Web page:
Charles Manwaring, owner of Southold Fish Market, said 'there were a lot more boats out there this year' -- about 250 -- for the season opening. 'Last year there were one or two good areas and this year there were four good areas.'
Stephen Tettelbach, professor of biology at the C.W. Post Campus of Long Island University, said 'we haven't seen a [brown tide] bloom in 15 years' in the Peconic Bay system. 'The water quality in the bays is really excellent.'

Tettelbach, who is completing a five-year, $2.3-million project for Suffolk County that has placed 5 million bay scallops into the East End waterways, said other shellfish species seem to be rebounding along with the scallops. He said prohibiting sewage discharges from boats has helped improve water quality along with the increased population of shellfish that filter the water.

As for whether nature or the scallop seeding and spawning sanctuary programs are responsible for the increase in population, Tettelbach said, 'I think it's a combination. We've definitely seen an increase in the areas where we have planted scallops, primarily in Orient Harbor but also in Flanders Bay. We're also seeing bugs [juvenile scallops] in areas where we did not plant, suggesting that the scallop larvae are being transported widely throughout the bays.'

Tettelbach said he is seeing the highest number of juvenile scallops he has seen in 20 years.

Said Wenczel: 'So next year could be a big season.'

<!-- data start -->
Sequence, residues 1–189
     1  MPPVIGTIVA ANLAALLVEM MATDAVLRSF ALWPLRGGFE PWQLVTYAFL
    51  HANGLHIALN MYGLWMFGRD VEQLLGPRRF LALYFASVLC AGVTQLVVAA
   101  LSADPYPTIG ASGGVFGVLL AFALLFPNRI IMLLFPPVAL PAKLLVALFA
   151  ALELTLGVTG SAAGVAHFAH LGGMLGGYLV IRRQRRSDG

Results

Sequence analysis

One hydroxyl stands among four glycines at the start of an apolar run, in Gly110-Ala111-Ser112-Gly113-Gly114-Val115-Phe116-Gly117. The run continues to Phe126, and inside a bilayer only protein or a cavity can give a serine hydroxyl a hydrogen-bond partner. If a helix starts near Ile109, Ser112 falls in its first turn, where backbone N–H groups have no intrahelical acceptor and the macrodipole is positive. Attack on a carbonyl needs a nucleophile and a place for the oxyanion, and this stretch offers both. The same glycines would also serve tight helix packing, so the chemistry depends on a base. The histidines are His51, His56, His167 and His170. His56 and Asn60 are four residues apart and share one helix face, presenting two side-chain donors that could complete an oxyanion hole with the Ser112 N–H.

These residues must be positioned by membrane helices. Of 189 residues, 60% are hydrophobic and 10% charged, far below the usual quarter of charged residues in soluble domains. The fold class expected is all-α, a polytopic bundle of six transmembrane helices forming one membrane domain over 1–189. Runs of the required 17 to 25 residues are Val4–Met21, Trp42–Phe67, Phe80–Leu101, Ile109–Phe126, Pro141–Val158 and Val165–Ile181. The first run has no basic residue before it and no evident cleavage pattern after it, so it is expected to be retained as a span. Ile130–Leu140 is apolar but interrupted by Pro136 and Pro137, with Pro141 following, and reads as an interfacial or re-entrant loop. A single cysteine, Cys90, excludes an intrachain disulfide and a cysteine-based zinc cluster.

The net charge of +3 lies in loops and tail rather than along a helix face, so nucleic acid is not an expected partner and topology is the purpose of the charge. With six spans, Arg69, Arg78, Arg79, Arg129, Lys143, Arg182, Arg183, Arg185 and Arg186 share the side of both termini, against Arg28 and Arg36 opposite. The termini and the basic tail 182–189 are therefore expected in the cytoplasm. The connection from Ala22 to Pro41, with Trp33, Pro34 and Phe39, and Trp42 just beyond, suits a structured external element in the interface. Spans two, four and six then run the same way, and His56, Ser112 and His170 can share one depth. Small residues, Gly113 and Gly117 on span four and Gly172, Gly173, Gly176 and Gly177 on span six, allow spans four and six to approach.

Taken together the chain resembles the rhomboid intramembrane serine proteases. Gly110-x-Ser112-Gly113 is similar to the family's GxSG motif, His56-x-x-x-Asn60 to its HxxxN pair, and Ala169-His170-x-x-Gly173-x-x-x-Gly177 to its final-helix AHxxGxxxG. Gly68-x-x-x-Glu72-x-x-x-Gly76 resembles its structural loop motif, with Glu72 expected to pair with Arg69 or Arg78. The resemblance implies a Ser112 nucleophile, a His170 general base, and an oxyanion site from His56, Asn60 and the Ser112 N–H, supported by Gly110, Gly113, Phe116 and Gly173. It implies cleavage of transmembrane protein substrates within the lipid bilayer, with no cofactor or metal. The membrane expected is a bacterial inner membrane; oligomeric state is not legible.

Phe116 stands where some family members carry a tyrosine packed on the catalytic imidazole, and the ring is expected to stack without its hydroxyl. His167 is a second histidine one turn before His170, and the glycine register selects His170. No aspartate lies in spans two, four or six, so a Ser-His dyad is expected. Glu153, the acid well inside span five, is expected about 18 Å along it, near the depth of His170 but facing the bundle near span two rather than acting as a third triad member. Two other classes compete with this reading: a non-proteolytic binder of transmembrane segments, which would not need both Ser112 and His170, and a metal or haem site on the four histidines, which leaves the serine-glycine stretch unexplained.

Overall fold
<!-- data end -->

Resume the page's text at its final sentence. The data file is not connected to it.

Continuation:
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PORTLAND, Maine (AP) - Fishermen have known for years that they've had to steam farther and farther from shore to find the cod, haddock and winter flounder that typically fill dinner plates in New England.

A new federal study documenting the warming waters of the North Atlantic confirms that they're right -- and that the typical meal could eventually change to the Atlantic croaker, red hake and summer flounder normally found to the south.

'Fishermen are businessmen, so if they have to go farther and deeper to catch the fish that we like to eat, eventually it won't be economical to do that,' said Janet Nye, a fishery biologist with the National Oceanic and Atmospheric Administration and the lead author of the study.

'It just won't be in your local seafood store, or maybe it'll be more expensive,' said Nye, who works at the Northeast Fisheries Science Center in Woods Hole, Massachusetts. 'So I think there'll be a natural, hopefully slow, switch to different seafoods.'

For the study, which first appeared Oct. 30 in the journal Marine Ecology Progress Series, Nye and three other NOAA biologists analyzed water temperature trends from North Carolina to the Canadian border off Maine from 1968 to 2007. They then looked at fish survey data collected each spring and assessed where the fish were caught and how abundant they were.

The researchers looked at the familiar New England species. as well as lesser-known fish such as longhorn sculpin and blackbelly rosefish.

Of the 36 stocks studied, the distribution range of 24 of them had changed in unison with the rising water temperatures that have been occurring off the Northeast since the 1970s.